Daniel Bonin has written his seventh installment in our Emerging Fellows program. Here, he explores infrastructures in the light of monopolies. The views expressed are those of the author and not necessarily those of the APF or its other members.
Monopolies have a long and varied history. As regulators start to fear the misuse of market power by monopolistic companies they develop policy tools to regulate and unbundle markets. Still different types of monopolies like natural or geographic monopolies continue to exist. What will their future look like and could it be that new infrastructure monopolies and even outright state monopolies emerge by 2050?
Monopolies are not bad per se, they can help to cope with the problems which a free market economy fails to deliver. Until 2050, more and more governments may decide to tolerate a monopoly to ensure equal access to vital infrastructures in their depopulating rural areas. A monopoly provides also a certain amount of security, an environment in which the issue of costly upfront costs in new infrastructures could be solved. There is another argument for infrastructure monopolies that stems from technological change.
The past showed that monopolies have been responsible for miss-allocation in the economy. But what if new monopolies are the only way to allocate resources amid increasing connectivity and complexity by 2050? Artificial intelligence provides us a tool to handle complex systems like the supply and demand of infrastructures. However, it could work best if the monopolistic infrastructure operator has access, power and authority to change all of the variables that are relevant to the system. Think of an intelligent transport network that balances different modes of transport and movement of freight. With full access to real-time data and relevant infrastructures, such a network could even adjust traffic management systems and even the width of traffic lanes to accommodate the different users like humans, trams, autonomous vehicles and drones alike. Would a country be able to resist the tender of a monopolistic company that promises to provide such a smooth and cheap infrastructure or would it drawback and tolerate or even nurture new monopolies?
Would countries even have an incentive to create state monopolies? Governments are always concerned about the interference of other countries in their domestic affairs. Considering the growing connectivity of infrastructures and the role of data. It seems that concerns over interference of other countries in domestic affairs could provide such a reason. Countries would otherwise risk foreign competitors gaining access to vital information and the ability to manipulate infrastructures.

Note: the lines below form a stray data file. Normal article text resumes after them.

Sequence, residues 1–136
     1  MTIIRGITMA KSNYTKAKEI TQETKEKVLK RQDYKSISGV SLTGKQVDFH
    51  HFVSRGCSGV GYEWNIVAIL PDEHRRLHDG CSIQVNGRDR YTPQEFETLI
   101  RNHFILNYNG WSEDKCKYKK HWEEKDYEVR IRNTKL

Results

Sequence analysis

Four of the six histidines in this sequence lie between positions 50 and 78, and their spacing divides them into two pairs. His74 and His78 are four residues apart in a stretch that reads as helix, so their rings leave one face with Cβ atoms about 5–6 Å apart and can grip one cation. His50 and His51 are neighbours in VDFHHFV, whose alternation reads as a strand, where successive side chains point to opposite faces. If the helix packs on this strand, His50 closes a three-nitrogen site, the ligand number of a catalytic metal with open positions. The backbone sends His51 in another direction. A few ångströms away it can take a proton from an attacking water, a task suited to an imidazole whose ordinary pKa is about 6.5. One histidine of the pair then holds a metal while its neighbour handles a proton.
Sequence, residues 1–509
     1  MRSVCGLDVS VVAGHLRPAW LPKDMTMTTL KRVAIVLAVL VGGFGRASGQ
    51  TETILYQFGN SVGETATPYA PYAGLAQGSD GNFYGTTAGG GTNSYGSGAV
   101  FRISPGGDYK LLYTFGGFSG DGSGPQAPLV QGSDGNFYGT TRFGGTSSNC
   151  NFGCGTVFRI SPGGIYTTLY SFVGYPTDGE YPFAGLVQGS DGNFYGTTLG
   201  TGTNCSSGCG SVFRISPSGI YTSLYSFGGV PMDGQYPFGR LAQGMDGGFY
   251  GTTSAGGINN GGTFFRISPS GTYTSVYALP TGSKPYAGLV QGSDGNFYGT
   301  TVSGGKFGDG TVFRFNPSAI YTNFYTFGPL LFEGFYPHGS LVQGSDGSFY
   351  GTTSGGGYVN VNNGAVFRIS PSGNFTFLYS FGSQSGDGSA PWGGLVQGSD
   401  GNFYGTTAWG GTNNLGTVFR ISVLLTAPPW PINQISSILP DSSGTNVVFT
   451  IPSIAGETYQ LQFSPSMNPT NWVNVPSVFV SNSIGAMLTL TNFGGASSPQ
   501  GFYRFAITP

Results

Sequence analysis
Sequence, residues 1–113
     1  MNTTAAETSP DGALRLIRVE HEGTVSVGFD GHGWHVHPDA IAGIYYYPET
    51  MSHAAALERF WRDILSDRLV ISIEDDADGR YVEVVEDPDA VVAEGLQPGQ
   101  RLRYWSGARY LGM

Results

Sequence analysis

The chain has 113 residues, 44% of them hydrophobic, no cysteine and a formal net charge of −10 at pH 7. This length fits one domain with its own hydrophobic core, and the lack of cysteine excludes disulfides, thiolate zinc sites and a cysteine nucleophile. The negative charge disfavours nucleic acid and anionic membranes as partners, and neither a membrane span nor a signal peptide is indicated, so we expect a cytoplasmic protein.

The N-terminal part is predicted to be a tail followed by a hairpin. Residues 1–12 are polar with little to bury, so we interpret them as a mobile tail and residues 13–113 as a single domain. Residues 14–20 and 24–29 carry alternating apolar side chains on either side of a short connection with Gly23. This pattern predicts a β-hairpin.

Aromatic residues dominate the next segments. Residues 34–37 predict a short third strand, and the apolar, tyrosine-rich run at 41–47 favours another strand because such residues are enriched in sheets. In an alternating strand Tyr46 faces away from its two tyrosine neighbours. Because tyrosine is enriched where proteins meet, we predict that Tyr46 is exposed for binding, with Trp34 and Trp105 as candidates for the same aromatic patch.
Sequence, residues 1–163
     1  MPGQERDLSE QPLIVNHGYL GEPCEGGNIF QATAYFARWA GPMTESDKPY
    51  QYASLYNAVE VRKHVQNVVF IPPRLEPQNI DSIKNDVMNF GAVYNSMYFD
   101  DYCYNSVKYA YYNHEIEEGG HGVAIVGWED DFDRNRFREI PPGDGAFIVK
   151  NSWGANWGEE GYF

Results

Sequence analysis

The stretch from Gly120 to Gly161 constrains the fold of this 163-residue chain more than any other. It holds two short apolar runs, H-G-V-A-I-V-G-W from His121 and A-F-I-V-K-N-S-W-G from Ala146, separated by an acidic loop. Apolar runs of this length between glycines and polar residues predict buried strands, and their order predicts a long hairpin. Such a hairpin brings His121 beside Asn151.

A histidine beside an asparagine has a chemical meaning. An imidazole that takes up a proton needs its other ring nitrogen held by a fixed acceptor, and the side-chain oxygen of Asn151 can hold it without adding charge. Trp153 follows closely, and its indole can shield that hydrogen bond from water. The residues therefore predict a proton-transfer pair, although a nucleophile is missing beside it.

It is not only about the access to data, but the risk of the manipulation of data and news. Caught in this crossfire of threats, a state controlled telecommunication infrastructure monopoly could be a rational move for a liberal country to clear the situation. One strong state monopoly could also allow a country to strongly influence global infrastructure standards and win the race for new key enabling technologies like 5G. Thinking further ahead until 2050, a state monopoly for satellite operation becomes a first step to monopolise space and exercise geopolitical power. Earlier than one thinks, owning world’s first space debris management infrastructure might become of importance for the balance of power in space.
If countries decide to accept or even promote infrastructure monopolies, they need to develop a toolkit to regulate private infrastructure monopolies before it is too late. Financial institutions became too big to fail and monopoly-like platforms became too big to be regulated. In a similar way, private infrastructure monopolies could become too efficient to be regulated and too security-related to be not nationalised. To prevent some of this risk, state monopolies could be considered. However, as politics becomes more and more involved, it needs to be critically reflected that political interests and cycles are at odds with the life-cycle of infrastructures and the speed of innovation. Could state monopolies become the grit in the gears of future-proof infrastructures?
© Daniel Bonin 2018